Doné mucho dinero a su campaña, así despues El ganó la elección intenté rentabilizar el favor. = I donated a lot of money to his campaign, so after he wins I intend to cash in on the favor.
It's not whether you win or lose; it's whether or not you had a good bet.
Nareed
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April 12th, 2012 at 6:34:53 AM permalink
Quote: Wizard

A question for the advanced readers is how does rentabilizar differ from aprovechar.



I don't see a relation between the two words. "Aprovechar" means "to make us of" or "to take advantage of." It's the opposite of "desperdiciar" = "to waste."

The word you chose is not very common. It's the kind of word most people do know, but woulndn't be able to use in a sentence. I can't quite figure it out myself. I'd say you encounter it, if at all, int he financial section of the newspaper and nowhere else.

Quote:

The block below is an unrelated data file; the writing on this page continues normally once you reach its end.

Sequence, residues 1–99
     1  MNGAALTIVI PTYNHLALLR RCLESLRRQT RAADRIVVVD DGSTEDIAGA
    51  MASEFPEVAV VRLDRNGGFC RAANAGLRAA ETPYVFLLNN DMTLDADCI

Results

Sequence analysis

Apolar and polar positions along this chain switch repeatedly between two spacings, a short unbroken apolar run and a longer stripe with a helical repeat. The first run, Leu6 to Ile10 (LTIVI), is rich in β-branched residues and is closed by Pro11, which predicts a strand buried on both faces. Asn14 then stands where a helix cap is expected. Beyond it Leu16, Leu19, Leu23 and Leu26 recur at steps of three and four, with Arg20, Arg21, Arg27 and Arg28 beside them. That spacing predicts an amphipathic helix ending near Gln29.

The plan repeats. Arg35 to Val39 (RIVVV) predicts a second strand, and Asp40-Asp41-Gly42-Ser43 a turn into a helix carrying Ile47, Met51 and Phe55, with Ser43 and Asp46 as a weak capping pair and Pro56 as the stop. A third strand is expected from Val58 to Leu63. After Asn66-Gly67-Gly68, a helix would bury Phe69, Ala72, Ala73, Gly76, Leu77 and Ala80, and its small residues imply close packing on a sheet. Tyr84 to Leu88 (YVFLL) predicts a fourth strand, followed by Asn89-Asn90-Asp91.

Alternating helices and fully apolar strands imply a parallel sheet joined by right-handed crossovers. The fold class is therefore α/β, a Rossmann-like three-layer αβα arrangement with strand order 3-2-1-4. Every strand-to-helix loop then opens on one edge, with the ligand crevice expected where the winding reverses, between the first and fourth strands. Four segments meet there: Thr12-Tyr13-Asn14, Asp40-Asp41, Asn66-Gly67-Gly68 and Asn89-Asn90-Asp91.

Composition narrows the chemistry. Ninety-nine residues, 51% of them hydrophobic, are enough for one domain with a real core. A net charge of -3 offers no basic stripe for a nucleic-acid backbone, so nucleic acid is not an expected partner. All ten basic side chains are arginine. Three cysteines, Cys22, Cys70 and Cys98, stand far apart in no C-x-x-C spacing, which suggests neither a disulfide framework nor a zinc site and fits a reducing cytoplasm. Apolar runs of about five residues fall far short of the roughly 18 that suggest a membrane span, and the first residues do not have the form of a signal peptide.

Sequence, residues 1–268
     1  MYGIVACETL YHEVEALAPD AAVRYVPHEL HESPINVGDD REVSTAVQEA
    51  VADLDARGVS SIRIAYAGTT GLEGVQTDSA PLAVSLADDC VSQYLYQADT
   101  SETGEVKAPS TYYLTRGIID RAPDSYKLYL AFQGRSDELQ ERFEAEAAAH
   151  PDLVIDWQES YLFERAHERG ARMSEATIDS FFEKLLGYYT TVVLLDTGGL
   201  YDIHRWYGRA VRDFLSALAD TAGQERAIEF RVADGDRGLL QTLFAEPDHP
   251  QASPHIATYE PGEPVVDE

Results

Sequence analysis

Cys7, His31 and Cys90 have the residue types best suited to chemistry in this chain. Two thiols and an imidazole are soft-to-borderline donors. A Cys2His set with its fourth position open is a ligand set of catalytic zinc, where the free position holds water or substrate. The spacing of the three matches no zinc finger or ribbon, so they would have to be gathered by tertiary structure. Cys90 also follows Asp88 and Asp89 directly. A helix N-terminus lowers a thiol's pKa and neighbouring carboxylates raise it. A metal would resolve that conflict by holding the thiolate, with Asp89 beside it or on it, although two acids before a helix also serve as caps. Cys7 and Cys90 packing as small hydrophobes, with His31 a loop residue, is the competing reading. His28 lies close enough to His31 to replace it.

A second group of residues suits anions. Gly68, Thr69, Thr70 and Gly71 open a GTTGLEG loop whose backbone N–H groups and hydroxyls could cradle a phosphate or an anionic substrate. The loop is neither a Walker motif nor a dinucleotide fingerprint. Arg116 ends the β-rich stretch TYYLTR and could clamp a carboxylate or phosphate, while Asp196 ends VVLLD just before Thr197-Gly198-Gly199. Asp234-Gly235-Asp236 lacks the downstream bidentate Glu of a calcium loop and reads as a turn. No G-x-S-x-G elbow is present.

Doné mucho dinero a su campaña, así despues El ganó la elección intenté rentabilizar el favor. = I donated a lot of money to his campaign, so after he wins I intend to cash in on the favor.



Ok, I just can't figure out if your sue of the word is right or not. I'd ditch it and use somethign else, something clearer. So:

"Doné mucho dinero a su campaña. Así que cuando el ganE la elección, pienso pasarle la factura."

This maans what you said in English, except "factura" means "bill" in this context. So the second sentence means "So after he wins the election I intend to pass him the bill."

Back to Spanish, you coudl have said "...pienso cobrarle," meaning "I intend to collect."